When we breed to better a line of purebred dogs, many intangible or subjective variables come into play – conformation, athleticism, intelligence, trainability and more. Mentoring and experience, even the gut instinct borne from these teachings, can make assessing those variables easier. As we learn more and develop an eye for evaluating and reading dogs, the standards for what constitutes a ‘better’ dog, one worthy of breeding, usually rise. The comparative knowledge experience brings allows us to differentiate a ‘great dog’ from a ‘good’ one; what might have been an acceptable to us a decade ago, might not make the cut today. And therein creates the economic correlation of supply and demand among top breeders.
As we eliminate potential breeding partners in favor of ‘better’ dogs, those that will truly improve a line and therefore breed, fewer and fewer potential partners exist. That makes the remaining pool of dogs more desirable and valuable.
When the qualities that elevated a dog to the top of the gene pool are combined with the objective results of canine genetic screening, a breeder is truly ‘bettering the breed’ by passing along the best physical and mental qualities the dog possesses while reducing or eliminating detrimental genes.
However, some people believe genetic testing poses the risk of reducing the gene pool of quality dogs too much. Certainly, if you were to remove every dog that was determined to be an affected or a carrier of an inherited disease, that upper echelon of dogs within a breed could theoretically bottleneck (especially if it’s a small gene pool to begin with); and/or leave dogs that don’t complement and strengthen each other consistently enough to better the breed across necessary qualities, regardless of genetic diversity. True, the knowledge of genetic mutations in two dogs could prevent a top-notch breeding from taking place, but in the big picture of bettering a line and breed, that's a small concession.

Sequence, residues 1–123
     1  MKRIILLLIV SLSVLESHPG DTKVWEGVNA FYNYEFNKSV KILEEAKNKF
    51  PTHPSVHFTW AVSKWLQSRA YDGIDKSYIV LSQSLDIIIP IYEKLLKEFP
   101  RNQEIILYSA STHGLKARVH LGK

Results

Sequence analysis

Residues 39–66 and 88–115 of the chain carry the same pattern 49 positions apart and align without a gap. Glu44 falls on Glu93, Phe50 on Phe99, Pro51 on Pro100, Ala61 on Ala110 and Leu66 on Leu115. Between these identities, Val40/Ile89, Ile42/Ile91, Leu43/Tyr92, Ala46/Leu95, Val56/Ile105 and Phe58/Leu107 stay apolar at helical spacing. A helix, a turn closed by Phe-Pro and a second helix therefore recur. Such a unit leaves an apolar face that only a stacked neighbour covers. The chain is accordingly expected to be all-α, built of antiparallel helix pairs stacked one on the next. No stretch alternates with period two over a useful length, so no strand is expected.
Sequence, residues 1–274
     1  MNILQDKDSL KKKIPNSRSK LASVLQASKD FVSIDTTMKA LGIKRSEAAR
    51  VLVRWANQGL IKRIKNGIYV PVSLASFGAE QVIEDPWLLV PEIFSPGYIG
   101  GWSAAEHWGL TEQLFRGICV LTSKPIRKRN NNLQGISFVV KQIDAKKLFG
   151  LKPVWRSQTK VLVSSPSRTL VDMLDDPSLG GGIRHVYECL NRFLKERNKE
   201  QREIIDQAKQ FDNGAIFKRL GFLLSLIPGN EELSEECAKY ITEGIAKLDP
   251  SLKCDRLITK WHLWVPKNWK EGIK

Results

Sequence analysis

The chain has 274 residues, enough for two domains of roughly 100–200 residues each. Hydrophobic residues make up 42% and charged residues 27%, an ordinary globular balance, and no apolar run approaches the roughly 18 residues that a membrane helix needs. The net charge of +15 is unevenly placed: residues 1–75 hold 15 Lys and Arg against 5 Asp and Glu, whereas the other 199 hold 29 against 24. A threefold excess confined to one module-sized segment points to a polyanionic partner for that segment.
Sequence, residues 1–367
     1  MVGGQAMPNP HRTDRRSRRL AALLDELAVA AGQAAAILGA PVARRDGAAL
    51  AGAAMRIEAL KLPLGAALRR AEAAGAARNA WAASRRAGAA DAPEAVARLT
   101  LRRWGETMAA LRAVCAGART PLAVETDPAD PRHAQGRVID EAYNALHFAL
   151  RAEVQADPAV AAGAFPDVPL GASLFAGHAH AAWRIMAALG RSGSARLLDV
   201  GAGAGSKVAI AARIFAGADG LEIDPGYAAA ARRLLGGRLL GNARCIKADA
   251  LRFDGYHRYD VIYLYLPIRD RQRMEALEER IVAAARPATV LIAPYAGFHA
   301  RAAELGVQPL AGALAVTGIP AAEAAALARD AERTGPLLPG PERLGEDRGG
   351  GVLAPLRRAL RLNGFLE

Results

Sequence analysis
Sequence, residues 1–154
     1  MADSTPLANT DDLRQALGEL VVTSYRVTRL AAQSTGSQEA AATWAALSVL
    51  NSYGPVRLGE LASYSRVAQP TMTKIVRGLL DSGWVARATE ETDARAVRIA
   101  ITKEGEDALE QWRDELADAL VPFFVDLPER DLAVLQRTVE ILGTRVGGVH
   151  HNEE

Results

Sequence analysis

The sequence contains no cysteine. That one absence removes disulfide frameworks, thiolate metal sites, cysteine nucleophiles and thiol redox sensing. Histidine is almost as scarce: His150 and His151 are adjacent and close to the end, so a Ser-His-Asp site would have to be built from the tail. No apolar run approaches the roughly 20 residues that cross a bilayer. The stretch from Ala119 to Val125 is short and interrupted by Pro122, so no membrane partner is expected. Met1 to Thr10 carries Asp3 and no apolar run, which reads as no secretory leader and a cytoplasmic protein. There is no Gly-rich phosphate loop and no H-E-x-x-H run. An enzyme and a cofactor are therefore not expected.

But that’s not how genetic screening works. Genetic screening of canines for inherited diseases provides the knowledge to breed responsibly and with scientific evidence. Breeding to a carrier, or especially affected, dog is a personal decision each of us must weigh, but it can be done safely. Using genetic science, we can determine the mode of inheritance, as well as the variability and expressivity of a gene. With the knowledge of today’s science, we can breed smarter and safer than ever before.
Genetic screening makes a dog a known quantity. Combined with its physical, mental and psychological qualities, genetic screening allows for healthier decision-making choices that truly ‘better the breed.’ The fact that a dog is a known quantity in a gene pool makes it more valuable; a dog’s accomplishments set it apart from the general population, and genetic screening, regardless of results, put it in an even more elite pool of dogs.
If you have questions about how the science of genetics pertains specifically to your dog, Paw Print Genetics offers genetic counseling that can explain the situation and help you make an informed decision – just call our toll-free number (855-202-4889) and we’d be happy to help.
*Photo courtesy of Andre Hagenbruch via Flickr*